Another November, another student anti-fees protest. Sadly, it attracted neither the numbers nor the media interest of times passed. The awful weather did its part to dampen turn out (and the marchers). The heavy policing of previous demonstrations wouldn't have helped, nor that the LibDem-supported Tory fee regime is now an accomplished fact. It is, after all, harder to undo something than stop it in the first place.
But there is something incredibly confusing about the changes this government has made to tuition fees. Under the previous regime, you paid upfront directly to your place of study. While the government continued to subsidise the major proportion of course costs, monies from the student at least went to the institution. As some folk say of the Thatcher years, you might not have liked it, but you knew where you stood.
As everyone knows, universities can now charge up to £9,000/year tuition. As per the incompetence we've come to expect, this government thought only a small minority would levy the full whack. Little did they realise that the price of a degree would reflect on the status of the university, and so all with pretensions of being a top tier institution had no choice but to list courses at maximum prices. Those the next step down could not risk their prestige and future market positions by undercutting them too far either, and so you have many New Universities charging in excess of £7,500. This unpleasant surprise wasn't the first time the Tories had designed a policy with scant knowledge of what they were legislating for, and it won't the last either.
One welcome change the government did was to adopt the student loan repayment scheme for fee payments, and put in a higher earnings threshold from which repayment installments kick in. This, however, is where the problem begins.
The government are monomaniacal about clearing the deficit, despite only managing to cut it by 2%. So while it is used to justify every single cut, they make such a hash of it that hidden costs and unforeseen consequences gobble up a huge proportion of the savings. This stupidity shows itself up here. The government are cutting the contribution taxpayers' cash makes to universities from £6.6bn last year to £3.7bn by 2014-15. The total share of university funding from the public purse will fall to around 15%, the lowest since the *1890s*.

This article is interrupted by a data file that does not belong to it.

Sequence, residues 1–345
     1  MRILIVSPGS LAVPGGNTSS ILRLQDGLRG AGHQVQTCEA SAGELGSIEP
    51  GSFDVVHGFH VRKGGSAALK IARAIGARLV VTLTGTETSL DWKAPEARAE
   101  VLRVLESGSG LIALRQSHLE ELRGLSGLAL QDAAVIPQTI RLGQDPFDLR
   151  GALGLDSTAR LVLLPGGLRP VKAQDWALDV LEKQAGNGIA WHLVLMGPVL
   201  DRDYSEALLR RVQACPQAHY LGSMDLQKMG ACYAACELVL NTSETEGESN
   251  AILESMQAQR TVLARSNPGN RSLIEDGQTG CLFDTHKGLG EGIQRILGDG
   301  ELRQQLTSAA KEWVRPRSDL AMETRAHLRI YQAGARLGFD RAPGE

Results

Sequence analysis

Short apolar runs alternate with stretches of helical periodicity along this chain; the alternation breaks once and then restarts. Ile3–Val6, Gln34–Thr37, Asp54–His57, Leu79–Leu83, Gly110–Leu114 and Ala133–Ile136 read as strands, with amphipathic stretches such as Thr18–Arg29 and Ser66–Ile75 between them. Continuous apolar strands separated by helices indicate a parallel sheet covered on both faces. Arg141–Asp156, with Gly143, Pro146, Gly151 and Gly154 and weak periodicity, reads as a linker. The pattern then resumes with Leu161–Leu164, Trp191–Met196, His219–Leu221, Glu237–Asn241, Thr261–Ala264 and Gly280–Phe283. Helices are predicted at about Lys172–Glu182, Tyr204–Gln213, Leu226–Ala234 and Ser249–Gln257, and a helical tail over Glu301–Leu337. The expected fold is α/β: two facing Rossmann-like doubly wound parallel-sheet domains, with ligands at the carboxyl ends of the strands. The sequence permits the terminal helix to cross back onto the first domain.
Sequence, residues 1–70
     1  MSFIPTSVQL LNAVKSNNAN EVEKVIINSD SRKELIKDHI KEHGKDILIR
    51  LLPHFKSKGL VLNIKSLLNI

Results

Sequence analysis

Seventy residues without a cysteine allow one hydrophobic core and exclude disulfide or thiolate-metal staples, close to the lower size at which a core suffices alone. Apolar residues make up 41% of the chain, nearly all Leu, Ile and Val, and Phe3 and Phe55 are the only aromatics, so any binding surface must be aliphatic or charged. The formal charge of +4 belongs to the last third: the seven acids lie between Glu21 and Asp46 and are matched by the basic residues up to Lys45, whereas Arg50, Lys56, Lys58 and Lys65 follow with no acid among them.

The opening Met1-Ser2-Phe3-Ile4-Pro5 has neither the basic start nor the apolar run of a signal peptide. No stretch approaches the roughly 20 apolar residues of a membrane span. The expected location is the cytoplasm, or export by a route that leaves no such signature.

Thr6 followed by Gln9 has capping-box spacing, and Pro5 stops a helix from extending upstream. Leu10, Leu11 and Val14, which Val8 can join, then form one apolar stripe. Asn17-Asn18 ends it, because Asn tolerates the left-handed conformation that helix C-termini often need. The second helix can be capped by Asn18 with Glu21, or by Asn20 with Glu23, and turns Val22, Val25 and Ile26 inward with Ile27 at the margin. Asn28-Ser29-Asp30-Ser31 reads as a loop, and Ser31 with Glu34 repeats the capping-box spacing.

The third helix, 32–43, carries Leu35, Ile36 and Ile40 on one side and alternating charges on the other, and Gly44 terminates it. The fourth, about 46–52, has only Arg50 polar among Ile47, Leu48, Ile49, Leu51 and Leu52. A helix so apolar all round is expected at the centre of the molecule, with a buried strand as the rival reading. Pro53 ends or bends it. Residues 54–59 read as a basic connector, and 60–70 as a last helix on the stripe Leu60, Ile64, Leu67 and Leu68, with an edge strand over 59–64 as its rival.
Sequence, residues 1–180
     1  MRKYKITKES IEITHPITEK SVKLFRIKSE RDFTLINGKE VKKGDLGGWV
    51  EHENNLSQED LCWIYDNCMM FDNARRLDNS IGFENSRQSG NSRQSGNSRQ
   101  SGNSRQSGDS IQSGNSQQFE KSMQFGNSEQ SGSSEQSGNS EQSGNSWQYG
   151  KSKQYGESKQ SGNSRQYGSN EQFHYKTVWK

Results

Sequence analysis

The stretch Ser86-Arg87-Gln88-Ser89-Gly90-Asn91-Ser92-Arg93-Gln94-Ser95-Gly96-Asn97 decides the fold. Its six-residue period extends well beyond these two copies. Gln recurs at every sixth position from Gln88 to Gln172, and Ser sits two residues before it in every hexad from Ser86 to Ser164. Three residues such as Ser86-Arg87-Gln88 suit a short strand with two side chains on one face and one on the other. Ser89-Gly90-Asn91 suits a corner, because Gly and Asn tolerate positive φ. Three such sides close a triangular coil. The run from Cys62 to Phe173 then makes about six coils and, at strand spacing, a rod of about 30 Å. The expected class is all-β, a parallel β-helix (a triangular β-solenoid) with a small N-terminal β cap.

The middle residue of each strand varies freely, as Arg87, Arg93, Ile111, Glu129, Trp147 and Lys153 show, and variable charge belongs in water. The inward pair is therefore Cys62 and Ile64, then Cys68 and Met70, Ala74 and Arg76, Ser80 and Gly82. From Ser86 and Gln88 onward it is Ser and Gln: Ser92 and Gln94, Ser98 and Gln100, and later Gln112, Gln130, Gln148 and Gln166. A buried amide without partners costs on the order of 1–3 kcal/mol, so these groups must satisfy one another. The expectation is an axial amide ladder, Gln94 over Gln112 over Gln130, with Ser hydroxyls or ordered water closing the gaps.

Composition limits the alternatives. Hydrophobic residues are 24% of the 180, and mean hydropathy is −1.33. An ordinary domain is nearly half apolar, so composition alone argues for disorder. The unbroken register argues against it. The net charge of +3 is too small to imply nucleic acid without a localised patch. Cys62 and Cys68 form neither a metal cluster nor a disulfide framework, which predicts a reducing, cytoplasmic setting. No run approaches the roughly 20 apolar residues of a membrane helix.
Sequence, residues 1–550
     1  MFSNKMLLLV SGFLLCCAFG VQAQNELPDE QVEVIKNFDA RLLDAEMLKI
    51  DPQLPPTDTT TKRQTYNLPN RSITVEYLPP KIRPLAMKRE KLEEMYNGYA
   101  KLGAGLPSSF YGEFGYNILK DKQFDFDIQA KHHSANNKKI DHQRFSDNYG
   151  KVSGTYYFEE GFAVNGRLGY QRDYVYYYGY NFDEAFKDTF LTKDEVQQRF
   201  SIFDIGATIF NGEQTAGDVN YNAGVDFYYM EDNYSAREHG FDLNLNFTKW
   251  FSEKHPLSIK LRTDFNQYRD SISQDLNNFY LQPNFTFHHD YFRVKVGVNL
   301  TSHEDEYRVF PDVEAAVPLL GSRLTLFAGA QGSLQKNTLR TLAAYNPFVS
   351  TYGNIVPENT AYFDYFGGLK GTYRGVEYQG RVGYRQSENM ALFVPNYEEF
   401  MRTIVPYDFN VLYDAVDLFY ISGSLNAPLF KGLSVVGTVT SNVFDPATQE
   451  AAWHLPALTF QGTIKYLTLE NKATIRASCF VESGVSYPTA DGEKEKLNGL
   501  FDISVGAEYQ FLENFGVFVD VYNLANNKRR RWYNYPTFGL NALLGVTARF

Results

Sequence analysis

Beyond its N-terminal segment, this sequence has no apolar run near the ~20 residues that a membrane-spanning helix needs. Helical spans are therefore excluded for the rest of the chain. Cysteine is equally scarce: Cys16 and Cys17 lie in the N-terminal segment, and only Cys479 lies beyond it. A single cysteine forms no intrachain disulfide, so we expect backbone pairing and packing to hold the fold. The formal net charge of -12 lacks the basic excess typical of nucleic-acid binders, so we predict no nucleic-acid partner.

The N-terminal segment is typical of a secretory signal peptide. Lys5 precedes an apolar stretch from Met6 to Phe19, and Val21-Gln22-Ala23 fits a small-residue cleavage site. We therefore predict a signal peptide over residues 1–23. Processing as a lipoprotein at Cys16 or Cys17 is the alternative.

The funding gap will be made up by tuition fee payments. According to the same Telegraph article, this will account for around the 47% of university funding by the next general election. BIS suggest the sector's income as a whole will rise by 10%.
The problem, as I see it, is that the government has made a fatal assumption. Previous tuition fee payments went directly into the system. Under the new arrangements, the taxpayer will lend universities the fees, which the government will later ask back when a graduate is earning over £21k. However, the graduate job market isn't in rude health, nor is there any guarantee that sufficient numbers will be earning over the threshold for repayments to start. The economy could pick up between now and 2015, but we will need strong, sustained growth to provide the requisite numbers of sufficiently remunerated graduate jobs. Without that, a gap will very quickly open between what the government puts in and what repayments it receives. And there very quickly goes its spending targets for HE.
I'm no education policy wonk, but surely a government underling has spotted this problem. It could be the Tories have cooked the books so it merely looks like public funding will fall over time. Or that non-repayment has been factored in, and the figures above are based on the percentage of instalments likely to make their way back to the exchequer.
Am I being dumb and missing something obvious? I don't know. Do you?
Photo credit: Marc Fairhurst